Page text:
REVIEW: History no longer black and white in ‘They Shall Not Grow Old’
Footage comes to life in 'Lord of the Rings' director's World War II documentary
February 11, 2019
“They Shall Not Grow Old” brings the Great War to life for a new generation through impressive restoration, sound design and colorization of century-old World War I footage.
In the film’s intro, Director Peter Jackson (“Lord of the Rings,” “King Kong”) explains how he was approached in 2015 with an interesting proposal from WWI Centenary Art Commission, 14-18 NOW. The challenge? To create a unique and original documentary commemorating the First World War Centenary by using only the archival footage provided by the Imperial War Museum (IWM) and the BBC.
Jackson agreed, and over the span of four to five months he and his post-production studio, Park Road Post, developed a brand-new computer assisted technique to restore the hundred-year-old footage used in the film.
Residing in London’s IWM film archive is over 100 hours of archival footage from WWI—most of which is never before seen by the public, according to Jackson. These once originally pristine film stocks have had over 100 years to be exposed to a variety of situations resulting in their deterioration, like scratches due to improper handling, shrinkage due to old age or being second or even third generation duplicates.
Despite this, Jackson’s team’s restoration efforts are unlike anything else seen in the medium. The resulting footage is so clear that the film is able to be blown up from its original ratio of 4:3 to the more modern ratio of 16:9 without a significant loss in quality. For the first time in a hundred years, the public is able to view the archived footage restored to its original state; in some cases, it’s even better.
On top of setting the standard for restoration, Jackson decided for the film to be colorized in order to present the Great War—not only to a new audience that is used to seeing movies in color but also as it was seen by the soldiers who fought in it.
By using surviving historical artifacts from the war, including some from his personal collection, Jackson was able to achieve accurate color for things such as uniforms, rifles and artillery. Jackson also traveled to battleground sites seen in the film to get photos showcasing the true color of the grass and foliage of that region.
Due to its cost and time requirement, colorization of old film is often only seen in TV series and hobby projects—mostly in a limited extent. Seeing these soldiers laugh, play pranks and horse around in restored black and white footage is a spectacle in its own right, but to see it in color allows you to connect with them in a way usually reserved for more modern films.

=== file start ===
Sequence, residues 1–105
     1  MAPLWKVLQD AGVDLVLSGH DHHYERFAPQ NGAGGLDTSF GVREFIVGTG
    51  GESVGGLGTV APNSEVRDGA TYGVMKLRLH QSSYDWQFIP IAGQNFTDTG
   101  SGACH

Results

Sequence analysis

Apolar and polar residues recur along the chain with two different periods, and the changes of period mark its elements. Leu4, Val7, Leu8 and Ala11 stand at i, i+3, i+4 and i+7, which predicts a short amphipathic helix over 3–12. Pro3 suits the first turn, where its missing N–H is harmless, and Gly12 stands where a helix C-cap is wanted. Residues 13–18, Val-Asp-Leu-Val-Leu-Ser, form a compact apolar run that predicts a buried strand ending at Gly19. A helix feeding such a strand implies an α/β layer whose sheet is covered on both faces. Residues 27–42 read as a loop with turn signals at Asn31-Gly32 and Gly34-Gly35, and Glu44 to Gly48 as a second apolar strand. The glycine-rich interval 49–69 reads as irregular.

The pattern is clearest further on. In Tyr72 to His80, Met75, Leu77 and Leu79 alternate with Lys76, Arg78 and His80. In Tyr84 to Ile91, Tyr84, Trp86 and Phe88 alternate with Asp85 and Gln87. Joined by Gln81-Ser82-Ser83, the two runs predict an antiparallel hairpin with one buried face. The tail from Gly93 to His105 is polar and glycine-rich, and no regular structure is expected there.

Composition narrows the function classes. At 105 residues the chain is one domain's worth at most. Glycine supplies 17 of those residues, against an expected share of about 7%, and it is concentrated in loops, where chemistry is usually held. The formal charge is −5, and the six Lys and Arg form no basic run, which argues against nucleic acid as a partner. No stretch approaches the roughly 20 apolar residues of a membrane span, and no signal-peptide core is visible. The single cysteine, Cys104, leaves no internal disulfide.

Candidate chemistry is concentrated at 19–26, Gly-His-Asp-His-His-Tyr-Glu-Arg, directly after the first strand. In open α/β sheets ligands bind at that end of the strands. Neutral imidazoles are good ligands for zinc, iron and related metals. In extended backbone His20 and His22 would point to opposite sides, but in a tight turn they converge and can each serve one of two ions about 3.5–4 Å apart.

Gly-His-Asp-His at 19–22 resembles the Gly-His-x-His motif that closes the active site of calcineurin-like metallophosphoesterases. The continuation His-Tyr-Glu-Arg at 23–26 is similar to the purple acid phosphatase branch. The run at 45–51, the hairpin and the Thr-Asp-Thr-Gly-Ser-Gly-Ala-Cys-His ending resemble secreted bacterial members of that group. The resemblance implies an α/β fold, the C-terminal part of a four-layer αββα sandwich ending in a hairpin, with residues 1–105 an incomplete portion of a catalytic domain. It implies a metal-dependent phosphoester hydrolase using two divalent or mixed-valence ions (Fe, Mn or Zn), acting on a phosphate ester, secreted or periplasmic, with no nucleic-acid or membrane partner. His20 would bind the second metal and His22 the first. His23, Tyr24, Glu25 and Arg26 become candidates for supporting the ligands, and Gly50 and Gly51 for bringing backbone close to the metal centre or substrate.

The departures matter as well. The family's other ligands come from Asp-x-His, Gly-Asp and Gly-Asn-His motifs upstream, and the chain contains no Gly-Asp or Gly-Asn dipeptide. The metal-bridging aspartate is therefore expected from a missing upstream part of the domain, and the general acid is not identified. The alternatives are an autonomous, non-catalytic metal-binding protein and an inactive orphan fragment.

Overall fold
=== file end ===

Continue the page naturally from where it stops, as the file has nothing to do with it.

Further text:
Jackson’s team at Park Road Post makes this connection even more surreal with the addition of sound to the originally silent footage. Sound designers created the majority of the sound effects via on location Foley work ranging anywhere from artillery explosions to muddy footsteps but most importantly—soldier dialogue.
To accomplish a faithful representation of what the soldiers in the film would sound like, professional lip readers were hired to transcribe what they were saying, then Jackson’s team would look up their regiment based off their uniform, and then find local voice actors from the region of Great Britain that regiment was originally from. According to Jackson, the team would then manually sync the dialogue to the soldiers’ mouth based off their research – which sometimes included finding the document a soldier was reading on screen.
However, for everything “They Shall Not Grow Old” does well, there are a couple things it does to distract you from them.
Often while restoring old film things like scratches are to be expected but when the film your restoring is as old as the First World War you run into an additional problem—speed.
Aside from having to remove scratches, account for shrinkage and restore the quality lost to duplication, Jackson’s team at Park Road Post had to convert the speed of the film from the average 16 frames per second (fps) of the era to standard 24 fps of today. This change in the fps results in the most jarring aspect of the film. The six additional frames in each second are computer generated guesses of what the frame would be and it shows. In wide shots it isn’t as noticeable, but with action-heavy shots and the closeups made from jumping to the 16:9 ratio from the original 4:3 ratio, the efforts in restoration and colorization are almost lost to a distracting blur between frames.
Layered over the excellent sound design are clips from the 600 hours of interviews the BBC did with WW1 veterans for their series “The Great War” in the 1960s. Jackson picks out sections of the interviews in which the soldiers talk about the mundanity of daily life between the fighting. This begins to drag throughout the film, as the audio from the soldiers’ interviews are matched with unrelated footage of fighting, often without pause between interviewee. This doesn’t mean that these interviews don’t belong in the film; they’re wonderful snippets from the lives of soldiers of a now past generation, but in this case less would’ve been more.
Regardless of its shortcomings, Jackson and his team’s remarkable breakthrough in restoration and their achievements in colorization and sound design are worth the ticket price alone. Fans of documentaries, history buffs and even the average moviegoer can all find something to love in “They Shall Not Grow Old.”